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Treating RSV

by Sue Hubbard, M.D.

Last thoughts about RSV and the VIRUS that seems to spread like a wildfire in California. If only there was a vaccine for RSV everyone would be happier. Unfortunately that is not on the near horizon and we will continue to see RSV in doctor’s offices and hospitals every winter.

Babies who were born prematurely, or who have underlying cardiac defects, or lung problems may meet criteria (check with your doctor about specifics) to receive RSV immune globulin, which is called Synagis, during the winter months. By now you should know if your your-baby fits that description, as this is a shot that is given monthly to help prevent RSV in high risk babies, or at least lessen their symptoms if they acquire the virus. This shot is expensive and unfortunately is not given routinely.

As the name implies RSV is a virus and therefore does not respond to antibiotics. It really doesn’t seem to respond to much except supportive care, and tincture of time. Numerous studies have been done about using steroids, bronchodilators and other medication for treating RSV and most show that these drugs do not help speed the recovery from RSV. When parents feel baffled as to “why can’t you do something to make my your-baby better”, I explain that we can support them with oxygen if necessary, and even with intubation and mechanical ventilation for the most seriously ill. But even then, we just wait for the your-baby’s lungs to get better. Being in the hospital does not provide immediate recovery, there is still a lot of wait and see how quickly the virus decides to go “away”.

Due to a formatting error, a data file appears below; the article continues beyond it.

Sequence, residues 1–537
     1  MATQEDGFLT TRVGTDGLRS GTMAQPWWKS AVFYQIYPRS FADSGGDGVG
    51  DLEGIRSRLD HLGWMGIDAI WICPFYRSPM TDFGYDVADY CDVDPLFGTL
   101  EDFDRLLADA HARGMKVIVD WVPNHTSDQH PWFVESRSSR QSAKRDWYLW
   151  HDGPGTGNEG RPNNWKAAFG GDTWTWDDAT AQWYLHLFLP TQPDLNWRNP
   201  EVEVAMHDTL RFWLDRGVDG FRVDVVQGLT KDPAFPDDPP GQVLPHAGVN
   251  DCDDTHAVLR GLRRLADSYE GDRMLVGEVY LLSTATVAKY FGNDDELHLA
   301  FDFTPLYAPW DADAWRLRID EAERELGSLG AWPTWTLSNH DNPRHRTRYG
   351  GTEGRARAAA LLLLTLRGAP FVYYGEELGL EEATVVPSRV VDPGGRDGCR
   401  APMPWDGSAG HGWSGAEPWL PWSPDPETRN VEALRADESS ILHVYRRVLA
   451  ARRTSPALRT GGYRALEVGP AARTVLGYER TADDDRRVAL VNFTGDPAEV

The other worry with RSV is dehydration. As with any illness these children don’t really feel like eating as well, and on top of that they are coughing and having trouble breathing. RSV also causes a huge amount of secretions and fluid loss that way too. It is important that your your-baby eat enough to continue to have the drool, watery eyes and nose and wet diapers. That may require feeding them more frequently as they may take less at each feeding (think how you feel when you are sick, not much appetite). If you think your your-baby is not getting enough fluid and has a dry mouth or decreased urinary output, even if they are not having respiratory distress you need to call the doctor.

Lastly, RSV seems to peak each year before flu and for some reason as RSV diminishes influenza rises. If your your-baby is six months or older, make sure you are getting their flu shots NOW!

That’s your daily dose, we’ll chat again soon.

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